Light Reading
Competition in a truly open auction should determine the winners and losers, not the FCC.

Open Spectrum Auctions Open Door to Growth

Rick Boucher
8/16/2013
100%
0%

Imagine someone handing you, and only you, the winning Powerball numbers before the jackpot sequence was ever revealed. Sounds great if you're the person holding the ticket, but not exactly fair to everyone else.

The Federal Communications Commission (FCC) could hand its equivalent of a winning Powerball ticket to select communications companies in the upcoming spectrum auctions. As the FCC creates rules for the incentive auctions, it has the ability to stack the odds, restricting participation in the auctions by some mobile providers and essentially picking winners and losers among our nation's carriers.

Today, the wireless industry's future is in the hands of policy makers. The federal government expects to hold spectrum auctions in 2014 in which air frequencies currently used by broadcast television stations, but well suited for mobile broadband, will be put up for sale. Much is at stake in the way that the auction is structured and in its ultimate success.

Beyond the urgent need to supply carriers with the spectrum sufficient to serve consumer demand, the auction is expected to produce revenues for other key national priorities:

  • Up to $7 billion from the auction proceeds will be set aside for the creation of a national broadband network for local police, fire, and emergency services. "First Net," as it is known, will create a fully interoperable broadband service connecting local first-responders nationwide.
  • Broadcasters must be paid from the auction revenues as an incentive for their donation of spectrum to the auction.
  • Broadcasters that choose not to donate spectrum but to continue over-the-air broadcasting may be required to relocate to another channel so that a continuous band of spectrum attractive to commercial bidders can be created for the auction. Broadcasters who are part of this "repacking" have been promised reimbursement of their relocation costs from the auction proceeds.
  • And federal policy makers are expecting that after the foregoing needs have been met, there will be ample auction proceeds available for budget deficit reduction.

In order to meet these multiple needs simultaneously, it's essential that the auction be open to all financially qualified bidders. Some have suggested that the largest mobile carriers be restricted in their ability to participate fully in the auction in order to favor smaller carriers. Limiting the ability of the largest carriers to purchase the spectrum their customers are demanding will mean fewer services for consumers and lower auction proceeds, rendering very difficult the challenge of meeting all of the competing and urgent demands for the auction revenues.

Moreover, it is not at all clear that spectrum acquisition restrictions on the largest carriers would actually promote competition.

For example, FCC data shows that the third-largest carrier, Sprint Corp. (NYSE: S) (including Clearwire), controls over one third of the mobile wireless spectrum held by US carriers -- far more than any other provider.

The fourth-largest carrier, T-Mobile US Inc. , recently acquired Metro PCS with its significant spectrum holdings, and the merged company can now rely for spectrum acquisition financing on the deep pockets of Deutsche Telekom AG (NYSE: DT), which has controlling ownership of T-Mobile.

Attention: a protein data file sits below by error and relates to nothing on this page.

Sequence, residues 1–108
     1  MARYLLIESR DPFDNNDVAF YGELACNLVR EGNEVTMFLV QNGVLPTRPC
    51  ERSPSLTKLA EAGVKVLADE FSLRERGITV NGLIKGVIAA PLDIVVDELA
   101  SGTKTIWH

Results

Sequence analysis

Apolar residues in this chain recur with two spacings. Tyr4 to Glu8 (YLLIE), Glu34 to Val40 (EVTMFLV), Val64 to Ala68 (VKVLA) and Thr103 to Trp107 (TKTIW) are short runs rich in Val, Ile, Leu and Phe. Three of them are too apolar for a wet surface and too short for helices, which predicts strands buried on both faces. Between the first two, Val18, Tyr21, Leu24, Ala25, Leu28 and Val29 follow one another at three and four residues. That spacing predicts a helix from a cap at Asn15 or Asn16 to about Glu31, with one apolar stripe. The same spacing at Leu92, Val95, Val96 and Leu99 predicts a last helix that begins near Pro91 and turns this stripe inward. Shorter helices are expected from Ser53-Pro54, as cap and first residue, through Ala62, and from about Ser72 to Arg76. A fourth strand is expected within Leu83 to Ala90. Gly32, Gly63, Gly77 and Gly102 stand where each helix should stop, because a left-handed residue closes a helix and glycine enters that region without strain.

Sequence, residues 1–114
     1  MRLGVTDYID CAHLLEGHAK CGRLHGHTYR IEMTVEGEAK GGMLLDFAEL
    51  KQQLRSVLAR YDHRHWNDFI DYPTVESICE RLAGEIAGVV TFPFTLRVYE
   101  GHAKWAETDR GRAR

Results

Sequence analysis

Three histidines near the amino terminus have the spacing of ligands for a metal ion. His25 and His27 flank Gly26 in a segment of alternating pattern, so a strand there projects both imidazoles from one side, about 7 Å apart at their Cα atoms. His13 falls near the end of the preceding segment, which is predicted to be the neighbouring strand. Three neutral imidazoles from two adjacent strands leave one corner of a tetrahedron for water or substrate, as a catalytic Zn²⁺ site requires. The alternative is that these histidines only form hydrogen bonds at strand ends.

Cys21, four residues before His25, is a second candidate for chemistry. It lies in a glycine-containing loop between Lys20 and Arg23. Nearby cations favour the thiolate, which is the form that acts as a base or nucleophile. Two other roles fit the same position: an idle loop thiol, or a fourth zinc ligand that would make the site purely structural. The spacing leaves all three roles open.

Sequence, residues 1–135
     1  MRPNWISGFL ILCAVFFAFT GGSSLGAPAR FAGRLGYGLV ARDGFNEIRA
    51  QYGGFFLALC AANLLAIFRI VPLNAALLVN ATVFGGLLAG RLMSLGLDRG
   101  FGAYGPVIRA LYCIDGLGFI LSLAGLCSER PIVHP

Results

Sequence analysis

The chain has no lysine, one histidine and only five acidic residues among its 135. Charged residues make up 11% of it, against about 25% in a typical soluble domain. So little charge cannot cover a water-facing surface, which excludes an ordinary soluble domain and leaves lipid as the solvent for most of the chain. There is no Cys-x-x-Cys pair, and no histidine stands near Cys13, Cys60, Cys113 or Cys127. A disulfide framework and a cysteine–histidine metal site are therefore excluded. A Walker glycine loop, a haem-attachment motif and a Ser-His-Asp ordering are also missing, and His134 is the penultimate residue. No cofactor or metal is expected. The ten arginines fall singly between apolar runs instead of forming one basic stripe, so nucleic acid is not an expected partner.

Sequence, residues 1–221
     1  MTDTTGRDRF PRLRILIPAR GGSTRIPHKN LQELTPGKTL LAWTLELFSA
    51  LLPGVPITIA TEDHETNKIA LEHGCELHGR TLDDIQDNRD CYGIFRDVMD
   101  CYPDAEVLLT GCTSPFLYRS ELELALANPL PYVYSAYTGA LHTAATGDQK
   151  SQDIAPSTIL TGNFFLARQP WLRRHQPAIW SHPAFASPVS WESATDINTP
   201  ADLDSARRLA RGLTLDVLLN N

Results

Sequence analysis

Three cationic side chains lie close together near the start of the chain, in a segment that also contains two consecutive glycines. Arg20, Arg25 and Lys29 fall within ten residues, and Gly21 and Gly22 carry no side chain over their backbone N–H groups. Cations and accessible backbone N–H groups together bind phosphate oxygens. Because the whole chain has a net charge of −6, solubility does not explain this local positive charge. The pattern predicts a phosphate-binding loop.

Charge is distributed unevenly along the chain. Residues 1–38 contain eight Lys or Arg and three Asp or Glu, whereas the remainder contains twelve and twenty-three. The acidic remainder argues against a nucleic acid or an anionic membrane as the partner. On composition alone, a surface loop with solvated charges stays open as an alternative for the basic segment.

Neither of these two providers requires special treatment in the auction. They either have sufficient spectrum or the resources to acquire it without tampering with the auction rules.

These realities were recognized by Congress when it passed the 2012 legislation authorizing the incentive auction of broadcaster-held spectrum to the mobile carriers. In the authorizing statute the FCC is prohibited from excluding from the auction financially qualified bidders. That provision underscores Congressional intent that the auctions be open to all and argues strongly for a process that enables every carrier to bid for spectrum sufficient to meet its needs in every market that it serves.

Creating rules for the incentive auction is now in the hands of the FCC and will provide an early test of the leadership of the agency's new chairman. The wireless industry is one of America's economic bright spots, highly successful and highly competitive, with 80 percent of Americans having a choice of five or more wireless carriers.

The FCC should choose to sustain the industry's success by creating a level playing field fair to all as the incentive auction is launched. The ambitious goals of the incentive auction can only be achieved if all qualified bidders are welcomed into the process.

Let's allow carriers to acquire the spectrum they need to meet consumer demand. Competition in a truly open auction should determine the winners and losers, not the FCC.

Disclaimer: Boucher advises AT&T in his role as head of the Government Strategies Practice at Sidley Austin. AT&T is also a leading funder of the Internet Innovation Alliance.

Rick Boucher, Honorary Chairman, Internet Innovation Alliance

(2)  | 
Comment  | 
Print  | 
Newest First  |  Oldest First  |  Threaded View
acohn
50%
50%
acohn,
User Rank: Light Sabre
8/16/2013 | 7:02:32 PM
Re: Spectrum debate
The author had AT&T as a Top-10 campaign contributor the last several election cycles where he was elected.  Enough said.
SarahReedy
50%
50%
SarahReedy,
User Rank: Blogger
8/16/2013 | 4:08:21 PM
Spectrum debate
Thank you for the post, Rick. It's certainly a poignant topic right now. AT&T and T-Mobile are fighting it out this week. Sounds like you are on AT&T's side that T-Mobile's sliding spectrum screen would be unfair? It does seem unfair to let the big two dominate the auction, however, Sprint and T-Mobile aren't so small anymore. What do you see as the biggest problems with a proposal like T-Mobile's that caps the amount of spectrum any single carrier can get, but only after the auction hits its revenue target?